Tuesday, October 23, 2007

Tan Sri Lim Goh Tong and his friend

A friend of mine sent me an email this afternoon. It is a news clip titled: Genting founder dies. And so, Tan Sri Lim Goh Tong (林梧桐) is now dead. He passed away this morning at Subang Jaya Medical Center.

It is not easy to build a business like Genting, because you need a lot of hard work and a lot of luck.

There is no doubt that Lim fulfilled the first criterion. To understand how dedicated Lim was, you can read his autobiography "My Story - Lim Goh Tong" or you can visit the history section of Genting website.

The second criterion, the luck element, is rarely mentioned. And it is my intention to highlight a little bit in this article.

At the time when Lim was 32, he was introduced to a Muarian named Mohammad Noah Omar (1898 - 1991). And the friendship and business partnership between Lim and Noah turned out to be very fruitful and beneficial to both parties.

In 1948, the youngest daughter of Noah, Suhaila, was married to Hussein Onn. Four years later, Suhaila's sister, Rahah, was married to Abdul Razak. So, Lim is indeed extremely fortunate to have a good friend who is also the father-in-law of the second and third prime minister of Malaysia.

In 27 April 1965, Lim and Noah established a company, in which Lim was the managing director while Noah was the chairman. Together, they managed to persuade the government to let them construct a resort on a hill top bordering Selangor and Pahang.

Four year later, Lim and Noah submitted their application to operate a casino in the hotel they were building. Tunku brought their case to the cabinet meeting for discussion on 28 April 1969. That afternoon, the approval letter for the first and only casino operation in Malaysia was signed.

Amazingly, it took only six hours to approve the casino license of Lim and Noah after they submitted their application to Tunku. And to explain this, we can either say that the government must be very efficient back in 1969, or there were some guanxi factors involved. I choose to believe the latter.

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Wednesday, October 10, 2007

The Angkasawan of Malaysia: Part II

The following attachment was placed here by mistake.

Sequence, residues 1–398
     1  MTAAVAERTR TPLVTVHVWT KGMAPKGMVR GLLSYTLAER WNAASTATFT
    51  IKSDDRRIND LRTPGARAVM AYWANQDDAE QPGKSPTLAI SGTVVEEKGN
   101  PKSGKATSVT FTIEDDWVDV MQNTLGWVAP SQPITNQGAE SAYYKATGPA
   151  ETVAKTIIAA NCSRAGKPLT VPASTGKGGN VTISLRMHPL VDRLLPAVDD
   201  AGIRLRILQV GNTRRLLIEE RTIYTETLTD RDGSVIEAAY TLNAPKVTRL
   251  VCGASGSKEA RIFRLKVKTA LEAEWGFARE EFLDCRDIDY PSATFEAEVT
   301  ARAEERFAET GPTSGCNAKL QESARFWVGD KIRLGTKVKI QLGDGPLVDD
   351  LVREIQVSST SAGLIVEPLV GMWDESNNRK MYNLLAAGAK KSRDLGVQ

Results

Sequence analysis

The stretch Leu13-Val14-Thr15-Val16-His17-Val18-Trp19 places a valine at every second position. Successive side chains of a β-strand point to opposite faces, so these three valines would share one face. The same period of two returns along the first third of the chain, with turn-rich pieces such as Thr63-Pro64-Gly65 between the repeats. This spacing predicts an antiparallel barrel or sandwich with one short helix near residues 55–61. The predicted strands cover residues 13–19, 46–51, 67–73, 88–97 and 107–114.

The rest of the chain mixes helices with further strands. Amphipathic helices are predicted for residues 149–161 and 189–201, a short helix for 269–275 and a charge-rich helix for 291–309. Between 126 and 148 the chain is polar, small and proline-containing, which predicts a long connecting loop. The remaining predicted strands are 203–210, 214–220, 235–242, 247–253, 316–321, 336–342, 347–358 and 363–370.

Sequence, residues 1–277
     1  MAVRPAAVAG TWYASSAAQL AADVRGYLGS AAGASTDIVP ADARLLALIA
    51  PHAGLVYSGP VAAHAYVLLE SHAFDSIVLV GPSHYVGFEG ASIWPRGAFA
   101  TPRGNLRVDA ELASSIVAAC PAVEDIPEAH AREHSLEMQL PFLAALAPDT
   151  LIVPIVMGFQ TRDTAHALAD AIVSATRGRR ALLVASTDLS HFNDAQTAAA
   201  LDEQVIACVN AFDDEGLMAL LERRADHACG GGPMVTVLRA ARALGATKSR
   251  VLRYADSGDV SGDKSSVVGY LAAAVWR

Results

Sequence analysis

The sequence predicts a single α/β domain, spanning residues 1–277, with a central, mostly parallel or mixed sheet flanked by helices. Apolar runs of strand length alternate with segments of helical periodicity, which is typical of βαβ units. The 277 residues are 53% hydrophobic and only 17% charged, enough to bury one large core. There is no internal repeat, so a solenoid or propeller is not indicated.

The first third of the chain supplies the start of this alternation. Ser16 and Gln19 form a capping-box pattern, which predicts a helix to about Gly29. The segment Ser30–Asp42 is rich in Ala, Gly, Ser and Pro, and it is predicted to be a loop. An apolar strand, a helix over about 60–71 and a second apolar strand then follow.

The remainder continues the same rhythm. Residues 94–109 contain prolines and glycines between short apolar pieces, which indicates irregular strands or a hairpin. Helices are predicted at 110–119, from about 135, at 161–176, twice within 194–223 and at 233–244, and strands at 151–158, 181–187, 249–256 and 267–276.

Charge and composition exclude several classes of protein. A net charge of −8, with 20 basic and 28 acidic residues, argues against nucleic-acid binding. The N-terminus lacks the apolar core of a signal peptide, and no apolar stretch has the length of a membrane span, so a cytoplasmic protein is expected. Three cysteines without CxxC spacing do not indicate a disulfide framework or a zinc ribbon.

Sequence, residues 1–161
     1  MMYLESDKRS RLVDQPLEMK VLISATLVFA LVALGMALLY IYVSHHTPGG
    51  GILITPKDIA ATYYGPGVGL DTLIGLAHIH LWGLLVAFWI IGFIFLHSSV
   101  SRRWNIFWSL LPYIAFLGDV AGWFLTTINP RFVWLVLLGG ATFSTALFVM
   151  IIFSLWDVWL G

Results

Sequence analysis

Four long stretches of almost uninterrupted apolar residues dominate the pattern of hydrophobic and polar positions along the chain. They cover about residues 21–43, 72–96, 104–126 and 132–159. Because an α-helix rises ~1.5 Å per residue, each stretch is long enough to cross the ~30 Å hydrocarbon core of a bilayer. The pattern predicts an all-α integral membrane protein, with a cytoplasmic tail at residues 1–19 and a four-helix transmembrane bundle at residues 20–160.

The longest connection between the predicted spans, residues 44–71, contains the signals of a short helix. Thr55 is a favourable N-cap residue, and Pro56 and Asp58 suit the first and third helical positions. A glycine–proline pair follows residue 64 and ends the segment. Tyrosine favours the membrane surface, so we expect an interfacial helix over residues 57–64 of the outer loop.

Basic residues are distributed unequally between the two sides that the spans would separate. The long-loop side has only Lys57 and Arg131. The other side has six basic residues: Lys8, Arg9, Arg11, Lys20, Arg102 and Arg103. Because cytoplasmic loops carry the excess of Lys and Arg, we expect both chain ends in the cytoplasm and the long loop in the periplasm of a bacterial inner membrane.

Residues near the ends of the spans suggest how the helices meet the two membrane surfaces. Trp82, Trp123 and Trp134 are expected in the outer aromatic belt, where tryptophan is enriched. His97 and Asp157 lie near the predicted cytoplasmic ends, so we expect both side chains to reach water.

In 2003, Russian Defense Minister Sergei Ivanov came to Malaysia to do promotion on his fighter jets. Ivanov is a very good business man because he knew his customer very well. And in May 19, 2003, Najib Razak announced that we have agreed to purchase 18 Indian-made Sukhoi-30MKM fighter jets from Russia.

Later, it was announced that the price of the 18 jets is $900 millions and there is also an offset agreement in which Russia will offer Malaysia one seat in the Russian spacecraft.

Did Ivanov and Najib discussed in detail about the offset agreement in 2003? We are not very sure. But I guess Ivanov must have hinted Najib on the possibility of realizing Malaysian dreams of creating his own Angkasawan, free of charge.

Initially, we were told by the Russians that our boy will be trained in Star City, Moscow in 2004 and be sent to space by 2005. But the American businessman, Gregory Hammond Olsen paid $20 millions and he got the place in the Soyuz TMA-7 mission, launched in October 1, 2005.

Later, American-Iranian businesswoman, Anousheh Ansari (انوشه انصاری) paid $20 millions and she got the space ticket in the Soyuz TMA-9 expedition, lauched in September 18, 2006. Then another famous American businessman named Charles Simonyi cut the queue again, when he was launched to space by the Soyuz TMA-10 spacecraft in April 7, 2007.

We cannot complain much about all this queue-cutting stuffs because our space ticket is free-of-charge.

Fortunately, Sheikh Muszaphar Shukor Mustapha Shukor, our first Angkasawan, finally had his seat confirmed and he is scheduled to be launched to space in October 10, 2007, together with other two crew members in the Soyuz TMA-11 expedition.

Unexpectedly, all these delays are good for Malaysia because we can, like TBS Japan, use this opportunity to do self-promotion (for Visit Malaysia 2007) and to celebrate the 50th anniversary of Merdeka.

Dreams are possible, if and only if you have money.

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Monday, October 08, 2007

The Log-Antilog Procedure: Part I

When I was in my upper secondary some 12 years ago, calculators were forbidden in modern mathematics examination. Nevertheless, I bought my first scientific calculator, a Casio FX570, at that time because I fancied the buttons with many strange symbols on them.

One of the topics in modern mathematics was to perform numerical computations using the four-figure tables. I remember vividly that in the classroom, I watched bemusedly, as my teacher demonstrated to us, the lengthy and laborious procedure for obtaining product like 10.8 x 87.85.

The procedure involved reading the logarithms for the two numbers from the logarithm table, add them up, and reading the table again for the antilogarithm of the addend.

At the end of the class, I approached my teacher and asked him why we should learn such an unproductive technique when we can directly generate the result with just a few key strokes on a cheap calculator. My teacher’s tone was authoritarian: “because this is the syllabus outlined by the school and you have to follow”.

Then, I showed him my new scientific calculator and asked him whether or not I can officially use it to obtain logarithms and antilogarithms of numbers. My teacher said, “No, you cannot. You have to learn to use the log table”.

For the sake of classroom tests and school examinations, I reluctantly learned and mastered the log-antilog procedure.

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